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Published: 1 June 2010 |
Keyword(s): Archetypes, Architecture, Electronic Health Records, Medical records systems, Semantic Interoperability, Standards

A piece of my mind. Copy-and-paste

Hirschtick RE. JAMA, 295(20)

The electronic medical record (EMR) arrived at our teaching hospital one year ago and the resultant changes in medical student and physician notes have been remarkable. While EMR is highly efficient in producing notes, virtually all of its notes are longer, recombinant versions of previous notes. Even notes of different authors are morphed by EMR into clones of one another. As physicians have become more adept with the time-saving features of EMR, their notes have been rendered incapable of conveying usable information by their bloated and obfuscated nature.
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Published: 24 May 2006 |
Keyword(s): Copy-and-paste, Electronic Health Records, Medical records systems, United States

Comparison of information technology in general practice in 10 countries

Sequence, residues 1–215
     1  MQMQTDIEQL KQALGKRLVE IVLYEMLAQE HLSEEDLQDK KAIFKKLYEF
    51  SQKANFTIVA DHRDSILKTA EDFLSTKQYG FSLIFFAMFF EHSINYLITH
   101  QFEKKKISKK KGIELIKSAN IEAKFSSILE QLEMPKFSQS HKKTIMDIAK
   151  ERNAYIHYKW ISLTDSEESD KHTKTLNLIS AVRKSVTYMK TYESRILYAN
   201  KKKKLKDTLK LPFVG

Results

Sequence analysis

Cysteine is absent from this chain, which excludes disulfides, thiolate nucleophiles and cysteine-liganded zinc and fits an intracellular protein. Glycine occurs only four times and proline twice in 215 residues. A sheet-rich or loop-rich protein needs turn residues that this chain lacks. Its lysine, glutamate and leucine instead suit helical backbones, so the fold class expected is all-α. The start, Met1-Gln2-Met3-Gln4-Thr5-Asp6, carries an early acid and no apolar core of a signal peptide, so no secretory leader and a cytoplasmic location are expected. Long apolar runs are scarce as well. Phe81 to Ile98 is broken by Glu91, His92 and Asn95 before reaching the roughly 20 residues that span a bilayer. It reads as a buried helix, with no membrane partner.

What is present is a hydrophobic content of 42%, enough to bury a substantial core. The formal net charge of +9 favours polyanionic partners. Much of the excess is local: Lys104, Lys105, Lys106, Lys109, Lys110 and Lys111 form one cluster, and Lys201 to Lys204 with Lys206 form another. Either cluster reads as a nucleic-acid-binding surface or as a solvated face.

Protti, Denis, ElectronicHealthcare, 5(4)

A study commissioned by Canada Health Infoway provides a comparative analysis of automation in general practice in 10 countries. The most common clinical application is the automation of medication prescriptions–even if it is not a mandatory requirement as it is in Norway.
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Published: 2007 |
Keyword(s): Australia, Austria, Denmark, Electronic Health Records, Family Practice, Germany, Health Care Surveys, Health Information Technology, Medical Practice Management, Medical records systems, Netherlands, New Zealand, Norway, UK, United States

Implementation of the Veterans Health Administration VistA clinical information system around the world

Protti, Denis, and Peter Groen, ElectronicHealthcare, 7(2)

The success story of the Veterans Health Administration (VHA) within the US Department of Veterans Affairs has been well documented and is generally well known. What is generally not known is that the VHA’s clinical information system, known as VistA, and the computerized patient record system clinical user interface front end have been successfully transported and implemented to a number of non-VHA healthcare organizations across the United States.
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Published: 2008 |
Keyword(s): Diffusion of Innovation, Electronic Health Records, Medical Informatics, Medical records systems, United States, Veterans Affairs

A consensus action agenda for achieving the national health information infrastructure

Yasnoff, William A. et al, J Am Med Inform Assoc, 11(4)

Improving the safety, quality, and efficiency of health care will require immediate and ubiquitous access to complete patient information and decision support provided through a National Health Information Infrastructure (NHII).